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802.11n Wi-Fi standard finally approved

After seven years, the new, faster standard for wireless networking finally makes it past the draft stage.

Dong Ngo SF Labs Manager, Editor / Reviews
CNET editor Dong Ngo has been involved with technology since 2000, starting with testing gadgets and writing code for CNET Labs' benchmarks. He now manages CNET San Francisco Labs, reviews 3D printers, networking/storage devices, and also writes about other topics from online security to new gadgets and how technology impacts the life of people around the world.
Dong Ngo
2 min read
Finally, the Draft will now be taken off this logo.

As predicted last month, the IEEE has finally approved the 802.11n high-throughput wireless LAN standard.

Finalization of the new wireless networking standard--which is capable of delivering throughput speeds up to 300 megabits per second (and even higher)--took exactly seven years from the day it was conceived, or six years from the first draft version. The standard has been through a dozen or so draft versions.

News of the ratification broke via a blog post displaying an e-mail sent by Bruce Kraemer, longtime chairman of the 802.11n Task Group, to task group members. There has been no public announcement yet. Update 5:49 p.m. PDT: A press release has been issued.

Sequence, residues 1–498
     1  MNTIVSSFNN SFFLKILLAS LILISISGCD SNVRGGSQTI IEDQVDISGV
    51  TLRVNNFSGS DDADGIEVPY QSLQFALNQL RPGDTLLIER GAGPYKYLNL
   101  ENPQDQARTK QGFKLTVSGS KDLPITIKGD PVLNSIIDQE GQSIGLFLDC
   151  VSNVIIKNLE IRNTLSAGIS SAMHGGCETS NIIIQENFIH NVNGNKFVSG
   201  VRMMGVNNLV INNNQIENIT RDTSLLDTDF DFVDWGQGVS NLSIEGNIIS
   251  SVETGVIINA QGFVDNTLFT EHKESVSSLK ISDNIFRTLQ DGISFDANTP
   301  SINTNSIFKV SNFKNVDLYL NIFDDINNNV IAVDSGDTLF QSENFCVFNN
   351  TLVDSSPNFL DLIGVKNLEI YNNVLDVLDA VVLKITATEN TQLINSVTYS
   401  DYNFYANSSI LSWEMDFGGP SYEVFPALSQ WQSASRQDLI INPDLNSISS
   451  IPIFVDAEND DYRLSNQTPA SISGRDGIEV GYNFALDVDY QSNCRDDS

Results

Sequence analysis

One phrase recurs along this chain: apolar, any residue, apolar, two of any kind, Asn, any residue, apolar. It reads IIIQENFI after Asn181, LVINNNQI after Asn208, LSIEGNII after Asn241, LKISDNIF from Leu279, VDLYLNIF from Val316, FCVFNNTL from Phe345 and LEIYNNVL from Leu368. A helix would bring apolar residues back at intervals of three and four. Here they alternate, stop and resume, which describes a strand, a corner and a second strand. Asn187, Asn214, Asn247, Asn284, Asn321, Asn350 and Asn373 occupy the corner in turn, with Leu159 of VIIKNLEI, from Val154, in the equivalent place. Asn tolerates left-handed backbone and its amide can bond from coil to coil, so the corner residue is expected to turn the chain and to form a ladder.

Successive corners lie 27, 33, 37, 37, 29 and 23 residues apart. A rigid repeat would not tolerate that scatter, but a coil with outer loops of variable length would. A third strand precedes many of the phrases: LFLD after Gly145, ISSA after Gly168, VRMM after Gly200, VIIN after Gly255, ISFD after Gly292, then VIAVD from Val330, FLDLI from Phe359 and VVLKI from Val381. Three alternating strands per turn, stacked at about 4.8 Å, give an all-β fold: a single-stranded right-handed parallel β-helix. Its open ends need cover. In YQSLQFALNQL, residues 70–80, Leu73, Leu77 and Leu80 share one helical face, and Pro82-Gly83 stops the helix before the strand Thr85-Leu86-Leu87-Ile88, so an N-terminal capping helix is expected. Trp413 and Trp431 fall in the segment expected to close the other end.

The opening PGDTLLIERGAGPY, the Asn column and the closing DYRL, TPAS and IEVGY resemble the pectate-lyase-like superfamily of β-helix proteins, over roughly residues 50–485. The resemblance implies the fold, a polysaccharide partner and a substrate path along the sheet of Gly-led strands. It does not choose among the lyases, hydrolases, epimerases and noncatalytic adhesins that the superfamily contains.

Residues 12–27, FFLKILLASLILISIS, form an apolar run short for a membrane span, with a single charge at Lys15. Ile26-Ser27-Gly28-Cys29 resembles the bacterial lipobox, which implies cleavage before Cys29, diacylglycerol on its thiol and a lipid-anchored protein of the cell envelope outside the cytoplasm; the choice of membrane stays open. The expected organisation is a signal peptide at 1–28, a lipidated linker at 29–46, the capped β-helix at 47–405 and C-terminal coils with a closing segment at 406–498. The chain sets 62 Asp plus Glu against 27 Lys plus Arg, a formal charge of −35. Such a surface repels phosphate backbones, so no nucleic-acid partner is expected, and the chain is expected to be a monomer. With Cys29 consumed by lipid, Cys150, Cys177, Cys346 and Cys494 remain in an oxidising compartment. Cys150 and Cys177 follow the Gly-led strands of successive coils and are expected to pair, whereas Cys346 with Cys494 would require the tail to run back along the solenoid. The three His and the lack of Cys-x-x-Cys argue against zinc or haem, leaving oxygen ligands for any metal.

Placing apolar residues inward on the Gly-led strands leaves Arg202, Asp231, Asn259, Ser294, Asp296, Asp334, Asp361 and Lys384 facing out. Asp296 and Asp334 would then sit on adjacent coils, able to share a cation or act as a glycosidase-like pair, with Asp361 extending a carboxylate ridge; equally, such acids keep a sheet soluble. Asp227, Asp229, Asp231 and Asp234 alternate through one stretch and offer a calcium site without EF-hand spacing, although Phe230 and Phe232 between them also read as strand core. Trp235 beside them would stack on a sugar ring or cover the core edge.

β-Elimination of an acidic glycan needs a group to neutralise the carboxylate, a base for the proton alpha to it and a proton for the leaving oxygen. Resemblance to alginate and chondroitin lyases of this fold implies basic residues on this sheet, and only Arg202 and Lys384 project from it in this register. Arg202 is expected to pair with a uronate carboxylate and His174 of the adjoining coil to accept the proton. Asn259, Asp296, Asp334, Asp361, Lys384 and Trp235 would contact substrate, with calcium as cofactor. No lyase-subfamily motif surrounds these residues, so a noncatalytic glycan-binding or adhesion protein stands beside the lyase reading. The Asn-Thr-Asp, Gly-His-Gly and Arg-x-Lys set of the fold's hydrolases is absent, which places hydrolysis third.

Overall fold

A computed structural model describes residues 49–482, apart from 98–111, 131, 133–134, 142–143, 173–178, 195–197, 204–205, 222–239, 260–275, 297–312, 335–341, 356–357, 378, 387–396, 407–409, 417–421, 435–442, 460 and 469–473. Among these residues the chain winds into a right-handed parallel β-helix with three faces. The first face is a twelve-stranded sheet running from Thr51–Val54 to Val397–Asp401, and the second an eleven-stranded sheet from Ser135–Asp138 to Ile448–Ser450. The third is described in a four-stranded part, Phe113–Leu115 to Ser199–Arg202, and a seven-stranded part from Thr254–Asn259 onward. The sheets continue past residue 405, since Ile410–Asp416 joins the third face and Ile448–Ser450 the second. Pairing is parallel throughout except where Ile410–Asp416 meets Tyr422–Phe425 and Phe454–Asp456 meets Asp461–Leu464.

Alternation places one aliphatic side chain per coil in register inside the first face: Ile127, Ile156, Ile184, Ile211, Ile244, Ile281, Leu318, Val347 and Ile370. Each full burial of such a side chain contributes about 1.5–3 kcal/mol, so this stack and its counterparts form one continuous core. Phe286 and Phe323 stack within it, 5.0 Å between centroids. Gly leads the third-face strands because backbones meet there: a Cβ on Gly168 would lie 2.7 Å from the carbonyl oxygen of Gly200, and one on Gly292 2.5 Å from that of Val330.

(The 802.11n Task Group is part of the 802.11 Working Group, which oversees WLAN (wireless local-area network) standards. Task group members include the majority of Wi-Fi chipmakers, software developers, and equipment OEM vendors. Meru Networks, one of the members, posted the blog that broke the news.)

It's likely, however, that final approval of the standard will be publicly announced by September 15, the date when Meru Networks puts on a public Webcast to provide answers about the ratification.

According to the Wi-Fi Alliance, the group that tests and certifies wireless products to ensure their interoperability, all existing Wi-Fi Certified Draft N wireless products will still work with the final standard.

802.11n offers much higher speeds than the previous, already-ratified 802.11g, which caps at only 54Mbps. Due to the compelling higher speed, most wireless vendors haven been offering 802.11n-based (also known as Wireless-N) products during the past six years and calling them Draft N products. Now the Draft is no more.

According to the Wi-Fi Alliance, most, if not all, of the existing equipment can be upgraded to the final specification via a firmware update. Finally, all future wireless networking products will be compatible with today's products that have been Wi-Fi-certified.